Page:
Having sessions expire can be important for security, but if your users take to long editing, it can cause them to lose content.
We have the alert box, which stops JS execution, appear about 10 minutes before the session expires. If the user hits OK on the alert box, the AJAXy code does a roundtrip to the server which refreshes the session timer. If they don't hit OK, the session times out as planned.
A little more complex method would be to check the IsDirty flag to see if the user has made any changes, or listen for events being fired through our advanced APIs.
An alternative approach is to simply let the session expire but make it possible to login again without losing the content. One way of doing this is to allow the user to login using standard HTTP authentication, where the browser displays a dialog asking for login information, instead of using a HTML form to login. The browser will automatically resend the POST data after it logs in so the content won't be lost. You can use a HTML form for login normally and only use HTTP authentication when you're handling POST requests to have the best of both worlds.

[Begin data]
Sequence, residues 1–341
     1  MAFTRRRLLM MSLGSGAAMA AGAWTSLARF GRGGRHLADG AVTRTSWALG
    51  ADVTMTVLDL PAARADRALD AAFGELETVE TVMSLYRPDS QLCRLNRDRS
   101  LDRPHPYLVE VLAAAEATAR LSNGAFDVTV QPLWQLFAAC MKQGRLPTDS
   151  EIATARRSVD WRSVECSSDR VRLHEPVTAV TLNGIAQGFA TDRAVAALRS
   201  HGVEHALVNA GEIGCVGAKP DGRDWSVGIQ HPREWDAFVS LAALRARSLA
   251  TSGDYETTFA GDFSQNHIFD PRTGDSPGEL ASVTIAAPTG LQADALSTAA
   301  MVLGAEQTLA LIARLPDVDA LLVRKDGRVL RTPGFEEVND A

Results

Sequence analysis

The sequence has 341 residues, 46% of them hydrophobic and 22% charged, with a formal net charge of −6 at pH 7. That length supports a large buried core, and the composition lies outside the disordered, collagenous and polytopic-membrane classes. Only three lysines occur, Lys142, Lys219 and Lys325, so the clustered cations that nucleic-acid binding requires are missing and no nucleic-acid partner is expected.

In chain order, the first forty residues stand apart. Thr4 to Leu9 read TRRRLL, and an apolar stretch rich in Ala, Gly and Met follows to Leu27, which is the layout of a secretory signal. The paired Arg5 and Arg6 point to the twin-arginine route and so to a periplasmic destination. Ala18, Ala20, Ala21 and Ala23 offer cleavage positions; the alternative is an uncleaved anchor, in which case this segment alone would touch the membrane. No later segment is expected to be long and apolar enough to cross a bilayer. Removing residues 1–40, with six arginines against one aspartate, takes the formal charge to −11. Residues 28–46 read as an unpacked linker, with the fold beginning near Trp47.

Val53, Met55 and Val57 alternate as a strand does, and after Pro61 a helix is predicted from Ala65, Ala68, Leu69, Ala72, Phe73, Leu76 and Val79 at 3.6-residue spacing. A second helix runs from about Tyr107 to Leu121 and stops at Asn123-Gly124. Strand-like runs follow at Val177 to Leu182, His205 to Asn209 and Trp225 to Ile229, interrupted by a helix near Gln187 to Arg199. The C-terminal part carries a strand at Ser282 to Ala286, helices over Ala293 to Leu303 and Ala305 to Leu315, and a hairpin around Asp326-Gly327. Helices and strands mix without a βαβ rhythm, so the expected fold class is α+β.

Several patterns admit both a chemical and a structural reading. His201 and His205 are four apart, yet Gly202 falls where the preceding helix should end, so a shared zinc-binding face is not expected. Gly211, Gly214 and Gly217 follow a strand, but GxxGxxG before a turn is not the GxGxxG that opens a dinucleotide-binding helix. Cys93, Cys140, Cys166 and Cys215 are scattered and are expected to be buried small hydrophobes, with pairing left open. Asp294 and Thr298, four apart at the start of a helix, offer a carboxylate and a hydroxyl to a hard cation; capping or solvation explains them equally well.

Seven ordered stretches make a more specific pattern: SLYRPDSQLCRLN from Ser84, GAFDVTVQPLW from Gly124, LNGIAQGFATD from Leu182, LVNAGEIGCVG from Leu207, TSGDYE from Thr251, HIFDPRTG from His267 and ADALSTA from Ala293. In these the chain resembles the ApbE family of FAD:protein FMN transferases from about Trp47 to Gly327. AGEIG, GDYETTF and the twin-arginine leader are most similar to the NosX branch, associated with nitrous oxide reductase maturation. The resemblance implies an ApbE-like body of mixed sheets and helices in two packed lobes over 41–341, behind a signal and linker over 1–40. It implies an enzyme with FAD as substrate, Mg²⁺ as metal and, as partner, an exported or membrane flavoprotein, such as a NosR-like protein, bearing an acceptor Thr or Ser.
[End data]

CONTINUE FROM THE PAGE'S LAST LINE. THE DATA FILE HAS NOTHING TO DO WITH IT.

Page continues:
If you stick with using a form to login all the time, you could simply include the original POST data in hidden fields so that it isn't lost and once the user logs in correctly you can save the content for them. Most login systems already do something like this to remember the original URL the user was trying to access.
Depending on your backend systems, there are a range of ways you can remove the frustration of session timeouts and let users take as long as they need to edit content. If none of the options above work for you, you could always make your sessions last longer which will at least make the problem less frequent.